Yesterday I did a talk at Cardiff WordPress, my first speaking gig in close to a year (you can see a list of all my past speaking gigs here).
Held at the fabulous Tramshed Tech (where Cardiff SEO Meet is also held!), I presented in front of 20+ WordPress designers & developers as well as fellow digital marketers.
My talk? Getting the Most from Yoast, giving details and insight into the Yoast SEO plugin, showcasing its features and settings, explaining how and why certain parts of it affect your website’s SEO, and how to make sure you’re setting it up to get the most out of it.
It was a good, attentive group, who were a pleasure to present to. After my talk, there was a general roundtable Q&A session where individuals could field their WordPress problems to the group, which was pretty cool. We also talked about SEO a bit more (something that I ain’t complaining about)!
Here are the slides, which I submitted to Speaker Deck (because they looked terrible when uploaded to SlideShare):
Want to know how I reduced WordPress blog comment spam significantly, using just 2-3 plugins, with no need for a CAPTCHA? Then keep reading, friend…
People who know me well (especially on Twitter) will know that blog comment spam has been a major bugbear of mine for a while. I’ve tried multiple solutions, including CAPTCHAs (such as Animal Captcha, Sweet Captcha, Math Captcha, other more normal CAPTCHAs…) but experienced no joy. I also followed the steps in this guide, downloaded the plugins that were recommended and followed its instructions, but found that it just didn’t have the desired effect…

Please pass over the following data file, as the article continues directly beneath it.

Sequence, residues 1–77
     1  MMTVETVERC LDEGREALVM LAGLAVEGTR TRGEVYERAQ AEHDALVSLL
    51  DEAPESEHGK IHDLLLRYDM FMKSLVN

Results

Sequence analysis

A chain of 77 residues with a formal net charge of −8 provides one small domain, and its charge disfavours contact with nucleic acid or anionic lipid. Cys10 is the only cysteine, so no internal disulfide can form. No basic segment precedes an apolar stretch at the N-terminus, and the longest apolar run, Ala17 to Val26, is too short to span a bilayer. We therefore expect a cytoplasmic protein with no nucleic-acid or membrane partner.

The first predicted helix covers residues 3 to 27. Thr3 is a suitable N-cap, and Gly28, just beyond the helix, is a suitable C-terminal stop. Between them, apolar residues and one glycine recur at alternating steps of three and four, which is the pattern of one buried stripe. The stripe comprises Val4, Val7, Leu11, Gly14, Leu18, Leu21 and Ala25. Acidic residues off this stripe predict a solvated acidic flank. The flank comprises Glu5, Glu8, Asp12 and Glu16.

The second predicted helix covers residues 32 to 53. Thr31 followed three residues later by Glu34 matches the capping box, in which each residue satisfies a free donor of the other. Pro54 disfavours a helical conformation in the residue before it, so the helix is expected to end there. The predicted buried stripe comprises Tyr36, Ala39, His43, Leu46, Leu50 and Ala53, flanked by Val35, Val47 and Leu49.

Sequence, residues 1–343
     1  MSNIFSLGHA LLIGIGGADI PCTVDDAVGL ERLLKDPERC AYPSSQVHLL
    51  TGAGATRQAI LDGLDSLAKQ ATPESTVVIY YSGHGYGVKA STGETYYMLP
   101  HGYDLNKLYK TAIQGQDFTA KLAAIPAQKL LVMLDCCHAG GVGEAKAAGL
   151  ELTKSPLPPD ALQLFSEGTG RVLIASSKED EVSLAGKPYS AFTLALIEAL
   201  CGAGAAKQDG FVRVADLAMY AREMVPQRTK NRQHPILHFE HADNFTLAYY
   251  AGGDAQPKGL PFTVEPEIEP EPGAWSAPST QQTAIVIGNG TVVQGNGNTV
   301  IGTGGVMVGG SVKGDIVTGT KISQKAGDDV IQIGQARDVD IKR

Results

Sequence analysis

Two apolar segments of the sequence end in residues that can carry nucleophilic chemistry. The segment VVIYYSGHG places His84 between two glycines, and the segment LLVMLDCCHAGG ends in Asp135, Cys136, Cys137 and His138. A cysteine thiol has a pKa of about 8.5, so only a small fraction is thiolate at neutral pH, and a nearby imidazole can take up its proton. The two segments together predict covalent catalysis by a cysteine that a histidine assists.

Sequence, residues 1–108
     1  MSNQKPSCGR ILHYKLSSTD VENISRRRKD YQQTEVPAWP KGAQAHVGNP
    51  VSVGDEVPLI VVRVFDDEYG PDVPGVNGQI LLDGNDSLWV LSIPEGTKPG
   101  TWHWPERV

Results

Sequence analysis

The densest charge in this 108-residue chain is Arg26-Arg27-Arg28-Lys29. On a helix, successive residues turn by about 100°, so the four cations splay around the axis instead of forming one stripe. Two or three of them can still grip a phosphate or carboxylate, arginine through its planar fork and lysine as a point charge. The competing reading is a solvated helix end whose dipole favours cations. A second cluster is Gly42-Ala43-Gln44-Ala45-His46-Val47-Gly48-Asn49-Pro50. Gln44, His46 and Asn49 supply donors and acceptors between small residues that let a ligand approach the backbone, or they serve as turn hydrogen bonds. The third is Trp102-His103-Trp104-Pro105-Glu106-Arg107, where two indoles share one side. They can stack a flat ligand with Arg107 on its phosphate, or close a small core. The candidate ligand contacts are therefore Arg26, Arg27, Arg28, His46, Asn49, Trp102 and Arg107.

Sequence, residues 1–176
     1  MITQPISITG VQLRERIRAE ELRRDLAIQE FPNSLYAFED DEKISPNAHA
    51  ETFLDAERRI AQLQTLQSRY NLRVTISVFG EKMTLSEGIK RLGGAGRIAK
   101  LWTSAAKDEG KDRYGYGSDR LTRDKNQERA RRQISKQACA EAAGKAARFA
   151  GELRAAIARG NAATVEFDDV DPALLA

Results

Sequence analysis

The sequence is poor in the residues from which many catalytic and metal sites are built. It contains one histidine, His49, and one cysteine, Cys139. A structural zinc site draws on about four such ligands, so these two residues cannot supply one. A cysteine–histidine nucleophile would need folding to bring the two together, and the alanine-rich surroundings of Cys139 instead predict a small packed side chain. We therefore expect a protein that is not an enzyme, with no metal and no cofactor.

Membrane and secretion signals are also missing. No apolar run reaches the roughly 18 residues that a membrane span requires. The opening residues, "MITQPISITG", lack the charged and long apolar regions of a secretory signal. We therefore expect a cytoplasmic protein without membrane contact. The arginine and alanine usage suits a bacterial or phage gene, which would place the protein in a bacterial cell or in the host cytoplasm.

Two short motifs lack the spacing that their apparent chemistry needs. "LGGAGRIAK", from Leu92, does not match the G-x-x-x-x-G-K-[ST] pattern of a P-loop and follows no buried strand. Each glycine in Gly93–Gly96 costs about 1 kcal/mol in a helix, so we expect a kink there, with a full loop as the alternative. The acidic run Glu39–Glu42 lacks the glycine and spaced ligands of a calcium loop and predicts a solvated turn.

Unfortunately it’s not simply a case of purging the Spam section in one go without checking it. I get a lot of false positives (genuine comments that get filtered into the Spam section by accident), so I have to trawl through it all. One. By. One. Bearing in mind that I used to get about 100-200 spam comments everyday. Ouch. I also help to manage Cardiff Blogs (also built on WordPress) and while they don’t get as many spam comments as SEOno does, if left unchecked for a few weeks, I’ll have to filter through a few hundred…
Desperate for a solution, I stumbled upon 2 plugins and thought that I’d give them a go. The number of spam comments I receive now has reduced dramatically: from 100-200 per day to about 10. Much more manageable.
A week ago (on 16th April) I gave a talk at Cardiff Internet, a local monthly internet marketing event aimed at small business owners. My talk was all about rel="author" implementation and its benefits, containing a live implementation demo on a WordPress blog using the Yoast SEO plugin.